Debate about nutrition labelling started well before the obesity epidemic and even now it is hard to find a consensus.
Two new studies favour traffic lights.
Ecuador introduced traffic light labelling for processed food packaging in August 2014. Scientists from the Universidad San Francisco de Quito found that the scheme had increased awareness, changed attitudes and “modified patterns of purchase and consumption”, concluding that it was “an effective mechanism for communicating information about the fat, sugar and salt in processed food.”
Admittedly, however, the sample was modest and another study has showed limited benefit in less educated and poorer groups.
Dutch consumers have also expressed a preference for traffic lights in a recent survey.
The Netherlands already has a voluntary scheme, but it is being phased out by October 2018 because its healthy ‘Choices’ logo can be applied to some products which are high in fat, salt or sugar.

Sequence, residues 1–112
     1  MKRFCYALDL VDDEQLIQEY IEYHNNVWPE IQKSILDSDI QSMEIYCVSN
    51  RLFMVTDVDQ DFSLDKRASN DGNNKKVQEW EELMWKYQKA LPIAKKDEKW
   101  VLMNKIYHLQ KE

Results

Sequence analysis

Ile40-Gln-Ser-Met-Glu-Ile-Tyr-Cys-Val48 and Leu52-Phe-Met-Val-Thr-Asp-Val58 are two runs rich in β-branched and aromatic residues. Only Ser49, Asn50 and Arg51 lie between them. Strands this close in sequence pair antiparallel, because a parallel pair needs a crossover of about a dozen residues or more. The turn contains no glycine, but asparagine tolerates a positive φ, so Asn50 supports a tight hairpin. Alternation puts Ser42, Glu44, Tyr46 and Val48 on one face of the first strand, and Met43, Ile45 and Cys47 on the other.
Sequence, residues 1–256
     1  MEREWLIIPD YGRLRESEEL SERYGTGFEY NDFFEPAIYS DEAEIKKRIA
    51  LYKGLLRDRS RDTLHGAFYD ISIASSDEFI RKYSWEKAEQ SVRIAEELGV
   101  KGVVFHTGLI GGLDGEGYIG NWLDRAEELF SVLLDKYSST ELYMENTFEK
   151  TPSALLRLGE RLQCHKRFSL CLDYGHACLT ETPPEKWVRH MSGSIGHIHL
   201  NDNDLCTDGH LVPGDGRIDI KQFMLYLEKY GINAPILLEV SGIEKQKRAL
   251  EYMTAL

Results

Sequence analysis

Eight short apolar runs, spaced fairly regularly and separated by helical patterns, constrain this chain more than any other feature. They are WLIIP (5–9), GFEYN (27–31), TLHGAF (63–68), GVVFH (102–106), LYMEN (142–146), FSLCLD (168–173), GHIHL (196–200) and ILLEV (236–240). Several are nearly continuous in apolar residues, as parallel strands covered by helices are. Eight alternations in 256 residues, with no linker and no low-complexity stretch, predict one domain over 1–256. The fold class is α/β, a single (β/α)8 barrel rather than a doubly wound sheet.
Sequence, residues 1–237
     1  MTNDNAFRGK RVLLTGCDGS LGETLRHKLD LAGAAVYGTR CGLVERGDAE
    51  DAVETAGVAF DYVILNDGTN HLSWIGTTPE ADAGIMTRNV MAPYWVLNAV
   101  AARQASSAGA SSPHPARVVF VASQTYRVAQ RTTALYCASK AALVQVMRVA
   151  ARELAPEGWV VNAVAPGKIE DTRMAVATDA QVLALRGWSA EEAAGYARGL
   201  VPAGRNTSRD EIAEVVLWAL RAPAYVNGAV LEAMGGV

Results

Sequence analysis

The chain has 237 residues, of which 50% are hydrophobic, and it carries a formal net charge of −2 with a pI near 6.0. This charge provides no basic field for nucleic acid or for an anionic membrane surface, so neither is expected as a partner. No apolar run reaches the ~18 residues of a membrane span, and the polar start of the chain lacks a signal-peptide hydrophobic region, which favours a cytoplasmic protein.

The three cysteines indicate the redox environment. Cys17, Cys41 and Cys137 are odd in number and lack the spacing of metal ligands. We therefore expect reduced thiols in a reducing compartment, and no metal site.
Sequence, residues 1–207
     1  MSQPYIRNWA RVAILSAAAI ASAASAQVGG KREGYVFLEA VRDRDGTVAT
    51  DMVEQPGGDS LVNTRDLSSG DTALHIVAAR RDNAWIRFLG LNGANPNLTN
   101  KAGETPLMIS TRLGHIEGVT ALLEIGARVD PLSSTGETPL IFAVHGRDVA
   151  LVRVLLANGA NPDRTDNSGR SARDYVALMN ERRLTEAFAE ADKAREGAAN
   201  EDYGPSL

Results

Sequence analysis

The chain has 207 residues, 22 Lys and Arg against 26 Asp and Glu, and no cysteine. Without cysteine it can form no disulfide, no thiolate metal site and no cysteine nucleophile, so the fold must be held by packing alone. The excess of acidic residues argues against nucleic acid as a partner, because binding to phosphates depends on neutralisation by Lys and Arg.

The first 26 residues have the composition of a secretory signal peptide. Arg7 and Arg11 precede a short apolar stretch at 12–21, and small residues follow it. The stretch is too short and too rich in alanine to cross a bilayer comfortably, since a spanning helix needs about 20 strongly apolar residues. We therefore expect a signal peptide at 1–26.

Given a range of alternatives, 51% of those questioned by the Consumentenbond consumer group opted for the UK front of pack traffic light display. 29% supported the French five tiered Nutri-Score system and 8% liked the Nordic region’s keyhole logo.
71% wanted nutrition labelling to be on the front of packs. Other majority views supported use across all products and by all manufacturers, with 74% backing supervision by an independent body.
Other findings were that a scheme should be time-saving and deliver information at a glance.
The weight of consumers is proving hard to reduce. The weight of evidence is shifting towards traffic lights.